Don Weaver, MD, Senior Advisor for Clinical Workforce, NACHC, co-authored the following blog post.
The 2000 Surgeon General’s Report on Oral Health in America reminded the nation that “oral health is a critical component of health and must be included in the provision of health care and design of community programs.”
This critical report acknowledged wide disparities in access to oral health care. In promoting a coordinated approach to improving oral health, the Health Resources and Services Administration’s (HRSA) Integration of Oral Health and Primary Care Practice made it clear that oral health, provided by primary care and dental teams working together, needed to address risk assessment, oral health evaluation, preventive interventions, communication and education, and interprofessional collaborative practice. In the 20 years since the landmark Surgeon General’s report, there has been steady progress in the number of people that health centers serve who have benefited from this comprehensive approach.
- Systems have been implemented to ensure primary care patients are referred to the dental clinic for evaluation and care.
- Dental patients are being screened for hypertension and diabetes and referred to primary care for evaluation and follow-up.
- Primary care and dental clinics are working together to address smoking cessation.
- Access to dental care has been expanded through school-based dental clinics, mobile dental vans, and teledentistry.
- Increasingly available data demonstrating the role oral health plays in improving outcomes and decreasing costs for individuals with chronic health conditions such as diabetes has expanded support for the inclusion of oral health care in value-based payment discussions.
- People getting dental care in a dental clinic, rather than stop-gap care in emergency rooms have contributed to overall health care cost savings.
Each of these actions has a place in NACHC’s Value Transformation Framework, “a conceptual model to guide systems change by translating research and promising practices into manageable steps health centers can apply to improve care and outcomes.”
The COVID-19 pandemic put a temporary halt to much of the progress being made and, sadly, reminded us of the inequities in our health care system. The response became “all hands-on deck” to address the pandemic. Shortages of personal protective equipment and the aerosolized nature of many dental procedures led to recommendations and even mandates for dental clinics to limit care to emergencies. Health center dental clinics were – or became – the only source for emergency dental care. In addition to keeping people out of emergency rooms, dental care team members were available to redeploy (assisting in other areas to address the pandemic), adapt (rapidly expanding use of teledentistry) like Petaluma Health Center and create (exploring alternative ways to provide preventive and some restorative services).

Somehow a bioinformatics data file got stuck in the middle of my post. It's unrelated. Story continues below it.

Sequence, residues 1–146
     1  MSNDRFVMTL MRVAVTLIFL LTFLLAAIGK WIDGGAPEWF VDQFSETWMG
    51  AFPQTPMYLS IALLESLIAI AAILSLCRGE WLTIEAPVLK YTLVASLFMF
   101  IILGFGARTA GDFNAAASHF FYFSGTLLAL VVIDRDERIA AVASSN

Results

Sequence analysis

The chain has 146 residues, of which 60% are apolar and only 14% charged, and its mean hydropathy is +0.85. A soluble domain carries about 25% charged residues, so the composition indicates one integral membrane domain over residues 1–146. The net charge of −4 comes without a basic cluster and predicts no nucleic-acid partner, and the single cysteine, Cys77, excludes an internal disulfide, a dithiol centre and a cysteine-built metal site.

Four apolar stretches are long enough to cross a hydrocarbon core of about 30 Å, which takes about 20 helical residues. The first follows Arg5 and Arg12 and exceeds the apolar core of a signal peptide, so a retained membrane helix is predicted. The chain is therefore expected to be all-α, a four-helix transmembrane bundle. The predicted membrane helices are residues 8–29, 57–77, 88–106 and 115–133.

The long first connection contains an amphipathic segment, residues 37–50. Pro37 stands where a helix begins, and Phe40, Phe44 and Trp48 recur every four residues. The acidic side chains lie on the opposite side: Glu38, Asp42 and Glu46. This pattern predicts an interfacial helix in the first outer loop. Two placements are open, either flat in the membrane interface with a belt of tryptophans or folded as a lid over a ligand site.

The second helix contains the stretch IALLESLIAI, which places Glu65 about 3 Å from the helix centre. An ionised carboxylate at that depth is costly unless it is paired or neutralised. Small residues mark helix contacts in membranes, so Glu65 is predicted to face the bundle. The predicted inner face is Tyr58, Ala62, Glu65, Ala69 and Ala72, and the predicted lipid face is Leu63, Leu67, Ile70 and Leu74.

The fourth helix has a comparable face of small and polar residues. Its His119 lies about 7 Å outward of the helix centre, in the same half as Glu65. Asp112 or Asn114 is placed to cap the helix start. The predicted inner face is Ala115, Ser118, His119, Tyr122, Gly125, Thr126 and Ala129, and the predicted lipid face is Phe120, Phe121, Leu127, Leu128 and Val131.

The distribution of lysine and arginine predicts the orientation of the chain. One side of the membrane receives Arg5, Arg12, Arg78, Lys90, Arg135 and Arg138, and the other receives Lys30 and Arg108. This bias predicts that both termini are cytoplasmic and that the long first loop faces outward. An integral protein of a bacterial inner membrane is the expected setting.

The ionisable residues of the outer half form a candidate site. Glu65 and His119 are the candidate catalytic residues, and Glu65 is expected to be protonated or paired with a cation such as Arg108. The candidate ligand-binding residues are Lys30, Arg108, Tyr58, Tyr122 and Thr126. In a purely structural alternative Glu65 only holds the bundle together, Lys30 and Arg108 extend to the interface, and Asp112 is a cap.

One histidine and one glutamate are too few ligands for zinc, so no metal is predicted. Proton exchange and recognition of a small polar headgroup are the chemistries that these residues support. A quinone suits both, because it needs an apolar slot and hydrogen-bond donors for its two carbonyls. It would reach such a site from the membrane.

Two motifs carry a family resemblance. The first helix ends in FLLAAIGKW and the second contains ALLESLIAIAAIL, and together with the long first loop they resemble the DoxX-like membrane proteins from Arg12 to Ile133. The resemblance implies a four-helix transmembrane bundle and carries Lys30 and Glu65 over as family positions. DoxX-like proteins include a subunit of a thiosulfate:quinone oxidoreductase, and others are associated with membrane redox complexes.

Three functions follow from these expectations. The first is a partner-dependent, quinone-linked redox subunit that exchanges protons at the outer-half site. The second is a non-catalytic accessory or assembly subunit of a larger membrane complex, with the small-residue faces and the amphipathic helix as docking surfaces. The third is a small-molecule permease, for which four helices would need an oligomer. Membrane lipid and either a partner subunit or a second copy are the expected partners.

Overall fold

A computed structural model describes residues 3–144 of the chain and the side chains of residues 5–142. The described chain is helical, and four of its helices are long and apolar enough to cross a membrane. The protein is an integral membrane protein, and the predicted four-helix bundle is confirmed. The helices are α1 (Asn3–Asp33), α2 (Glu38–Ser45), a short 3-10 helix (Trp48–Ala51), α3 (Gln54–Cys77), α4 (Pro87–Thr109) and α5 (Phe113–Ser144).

However, with the Value Transformation Framework as a guide, we can build on the progress made and lessons learned during the pandemic to reimagine the future of oral health care in health centers:
- Patients will need to be stratified based on their oral health needs and informed about this new approach to care delivery.
- Care teams will need to be retained, recruited, and trained to provide this new approach to service delivery. To maximize efficiency, each team member needs to be working at the top of their training.
- Facility /equipment modifications will need to be made so those procedures that produce aerosols can be provided safely for both the patient and provider.
- Payors including adequate payment for comprehensive oral health services must continue. And, paying for telehealth needs to be compensated based on its value to improving health. The COVID-19 pandemic has provided examples.
- Adequate workforce and programs that support the retention, recruitment, and expansion of dental care teams, such as the National Health Service Corps and state loan repayment programs, must be expanded. With sights set on optimal health for all, oral health is an essential component.
This project was supported by the Health Resources and Services Administration (HRSA) of the U.S. Department of Health and Human Services (HHS) under cooperative agreement number U30CS16089, Technical Assistance to Community and Migrant Health Centers and Homeless for $6,375,000.00 with 0% of the total NCA project financed with non-federal sources. This information or content and conclusions are those of the author and should not be construed as the official position or policy of, nor should any endorsements be inferred by HRSA, HHS, or the U.S. Government.